K-Skillbuilders promote literacy, math skills in Anoka-Hennepin kindergarten classrooms

Olivia Koester

Staff Writer

 

“One, two, three …” kindergartner Harmon Ogdahl counted, pointing to numbers on a chart in front of him as he made his way to 31.

“Can you go further than that?” asked Christine Brick-Contreras, a volunteer at Hoover Elementary School, Coon Rapids.

Kindergartner Aubree Snyder plays a math matching game with volunteer Christine Brick-Contreras in class Dec. 16. (Photo by Olivia Koester)

Kindergartner Aubree Snyder plays a math matching game with volunteer Christine Brick-Contreras in class Dec. 16. (Photo by Olivia Koester)

With a nod, Harmon counted all the way up to 59 without pause, then grinned from ear-to-ear.

After playing a matching game, Brick-Contreras sent Harmon back to join the rest of Sue Brown’s kindergarten class and began working with the next student on her list.

Brick-Contreras is one of 200 K-Skillbuilders, trained kindergarten volunteers, who visits Anoka-Hennepin elementary schools every week to work with kindergartners on foundational literacy and math skills.

District 11 has relied on volunteers to supplement teachers’ lessons for years, but this is the first year volunteers have gone through formal training. Two K-Skillbuilders sessions were offered this fall.

Volunteers in all 24 elementary schools now utilize one set of activities in kindergarten classrooms, eight of which develop literacy skills and three of which target math practice.

“It allows flexibility of volunteers to go from school to school,” said Deanna Bloodgood, volunteer service coordinator at Hoover. Though many parents volunteer at the school their children attend, many community volunteers do donate time at schools throughout the district. The training keeps curriculum consistent at each.

Literacy activities focus on letters at first – tracing the alphabet, sorting plastic letters – then move to sight word practice.

Math activities usually take the form of a game and involve counting.

Teachers dictate which activities volunteers should practice with students.

Not all students will work with volunteers; teachers identify which ones might benefit from one-on-one practice and ask volunteers to pull those students aside.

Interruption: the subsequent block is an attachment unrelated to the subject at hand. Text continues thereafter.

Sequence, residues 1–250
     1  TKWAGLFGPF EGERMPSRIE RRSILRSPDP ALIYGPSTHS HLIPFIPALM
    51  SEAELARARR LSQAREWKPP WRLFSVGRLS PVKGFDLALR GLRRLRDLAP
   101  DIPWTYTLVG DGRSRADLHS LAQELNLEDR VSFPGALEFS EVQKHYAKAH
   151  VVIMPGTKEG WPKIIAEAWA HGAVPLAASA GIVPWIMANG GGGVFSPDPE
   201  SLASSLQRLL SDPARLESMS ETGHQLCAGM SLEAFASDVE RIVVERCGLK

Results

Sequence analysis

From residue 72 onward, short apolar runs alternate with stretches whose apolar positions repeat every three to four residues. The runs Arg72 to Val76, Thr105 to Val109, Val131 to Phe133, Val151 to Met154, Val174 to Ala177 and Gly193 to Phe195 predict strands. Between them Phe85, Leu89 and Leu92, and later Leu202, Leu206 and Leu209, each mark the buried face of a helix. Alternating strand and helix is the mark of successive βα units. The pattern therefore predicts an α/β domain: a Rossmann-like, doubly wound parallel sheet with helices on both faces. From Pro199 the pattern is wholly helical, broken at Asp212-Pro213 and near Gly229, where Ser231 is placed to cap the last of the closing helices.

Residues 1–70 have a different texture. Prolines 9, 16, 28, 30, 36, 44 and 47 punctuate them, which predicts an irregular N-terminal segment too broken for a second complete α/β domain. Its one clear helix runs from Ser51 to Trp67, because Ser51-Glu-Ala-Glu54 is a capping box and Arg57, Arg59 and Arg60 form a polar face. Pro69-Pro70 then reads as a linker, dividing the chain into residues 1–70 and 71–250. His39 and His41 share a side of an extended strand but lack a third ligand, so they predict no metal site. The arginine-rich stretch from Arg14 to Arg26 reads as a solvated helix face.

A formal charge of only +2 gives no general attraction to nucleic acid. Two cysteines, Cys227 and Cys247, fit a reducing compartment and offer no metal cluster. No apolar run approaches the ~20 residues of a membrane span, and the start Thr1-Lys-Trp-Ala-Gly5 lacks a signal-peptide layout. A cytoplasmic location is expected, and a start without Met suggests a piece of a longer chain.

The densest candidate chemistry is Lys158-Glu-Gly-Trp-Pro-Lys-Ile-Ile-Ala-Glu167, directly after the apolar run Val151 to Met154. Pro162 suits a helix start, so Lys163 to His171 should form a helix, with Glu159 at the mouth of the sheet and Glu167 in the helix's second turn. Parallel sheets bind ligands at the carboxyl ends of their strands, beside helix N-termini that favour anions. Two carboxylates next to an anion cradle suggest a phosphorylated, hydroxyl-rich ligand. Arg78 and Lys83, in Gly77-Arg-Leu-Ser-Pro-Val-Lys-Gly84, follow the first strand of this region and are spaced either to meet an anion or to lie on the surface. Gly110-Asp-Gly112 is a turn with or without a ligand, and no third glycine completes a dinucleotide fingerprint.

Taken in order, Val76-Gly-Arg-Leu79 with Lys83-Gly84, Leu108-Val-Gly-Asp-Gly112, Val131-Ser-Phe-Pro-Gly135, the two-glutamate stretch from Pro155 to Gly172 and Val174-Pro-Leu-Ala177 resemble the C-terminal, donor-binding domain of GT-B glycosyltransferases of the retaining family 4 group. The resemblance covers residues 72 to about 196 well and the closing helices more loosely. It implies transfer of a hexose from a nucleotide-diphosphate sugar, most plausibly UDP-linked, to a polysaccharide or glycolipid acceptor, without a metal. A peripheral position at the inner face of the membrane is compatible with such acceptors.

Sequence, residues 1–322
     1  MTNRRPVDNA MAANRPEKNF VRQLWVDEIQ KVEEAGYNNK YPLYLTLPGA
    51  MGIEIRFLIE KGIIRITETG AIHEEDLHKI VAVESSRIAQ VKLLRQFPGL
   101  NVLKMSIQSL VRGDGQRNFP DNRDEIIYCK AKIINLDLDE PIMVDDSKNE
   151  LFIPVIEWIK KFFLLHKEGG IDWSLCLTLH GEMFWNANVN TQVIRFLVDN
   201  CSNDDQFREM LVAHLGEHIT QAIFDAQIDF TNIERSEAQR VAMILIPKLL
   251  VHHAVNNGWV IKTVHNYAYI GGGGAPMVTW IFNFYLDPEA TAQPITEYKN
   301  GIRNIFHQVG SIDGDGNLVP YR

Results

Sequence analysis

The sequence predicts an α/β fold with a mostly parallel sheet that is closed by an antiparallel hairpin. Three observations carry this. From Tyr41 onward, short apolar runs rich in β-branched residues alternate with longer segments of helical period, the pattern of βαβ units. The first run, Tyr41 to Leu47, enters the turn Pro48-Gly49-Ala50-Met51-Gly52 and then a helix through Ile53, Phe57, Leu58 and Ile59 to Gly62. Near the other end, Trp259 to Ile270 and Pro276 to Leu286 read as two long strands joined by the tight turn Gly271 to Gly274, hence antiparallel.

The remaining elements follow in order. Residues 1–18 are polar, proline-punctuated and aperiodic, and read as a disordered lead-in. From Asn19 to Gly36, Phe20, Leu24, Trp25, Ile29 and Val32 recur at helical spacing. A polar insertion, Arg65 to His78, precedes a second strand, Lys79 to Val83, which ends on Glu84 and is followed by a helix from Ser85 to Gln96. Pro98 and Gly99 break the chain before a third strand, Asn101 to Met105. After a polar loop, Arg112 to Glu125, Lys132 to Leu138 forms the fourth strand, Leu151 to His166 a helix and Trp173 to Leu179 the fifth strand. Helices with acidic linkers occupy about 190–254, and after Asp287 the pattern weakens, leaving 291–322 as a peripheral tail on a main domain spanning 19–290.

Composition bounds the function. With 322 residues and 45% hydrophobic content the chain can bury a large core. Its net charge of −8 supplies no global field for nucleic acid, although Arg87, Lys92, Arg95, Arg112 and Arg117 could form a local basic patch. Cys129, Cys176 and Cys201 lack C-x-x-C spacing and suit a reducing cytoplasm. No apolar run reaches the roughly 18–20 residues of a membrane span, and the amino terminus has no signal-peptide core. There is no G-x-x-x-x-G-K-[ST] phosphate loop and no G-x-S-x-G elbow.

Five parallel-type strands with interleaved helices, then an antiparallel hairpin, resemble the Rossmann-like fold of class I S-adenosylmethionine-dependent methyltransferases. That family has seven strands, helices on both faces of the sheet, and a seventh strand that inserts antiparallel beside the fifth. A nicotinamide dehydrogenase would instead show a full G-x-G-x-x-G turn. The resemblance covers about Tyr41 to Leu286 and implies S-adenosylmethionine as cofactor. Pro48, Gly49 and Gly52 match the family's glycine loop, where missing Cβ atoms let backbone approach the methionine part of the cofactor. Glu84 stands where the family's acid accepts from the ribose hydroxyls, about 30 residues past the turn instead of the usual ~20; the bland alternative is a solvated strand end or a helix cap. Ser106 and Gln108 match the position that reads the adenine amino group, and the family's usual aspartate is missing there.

“This is more direct for the kids, concentrating on certain areas that the kids might need help in,” said volunteer Debbie Lindberg, who has been volunteering at Hoover for three years.

After training, “the work that [volunteers] are doing is more closely aligned with what the students are doing in the classroom,” according to Heather Peters, communications coordinator for Anoka-Hennepin Community Education.

The kids know what to expect because volunteers introduce activities that are already familiar to them; teachers have already explained the material.

“It’s nice to be able to lean on the educators,” Brick-Contreras said, adding that the training was very beneficial. It’s even helped her work with her daughter, a student in Brown’s kindergarten class, at home, she said.

K-Skillbuilders’ success should be measurable, according to Parent Involvement Coordinator Linda Rogers. “The proof is in the pudding, and the test is the pudding,” she said. Kindergartners’ literacy and math scores should increase.

If there’s interest, the district would consider offering similar trainings for other grade levels, Rogers said.

For more information about volunteering in District 11, contact Volunteer Services at 763-506-1585.

 

Contact Olivia Koester at olivia.koester@ecm-inc.com

 

up arrow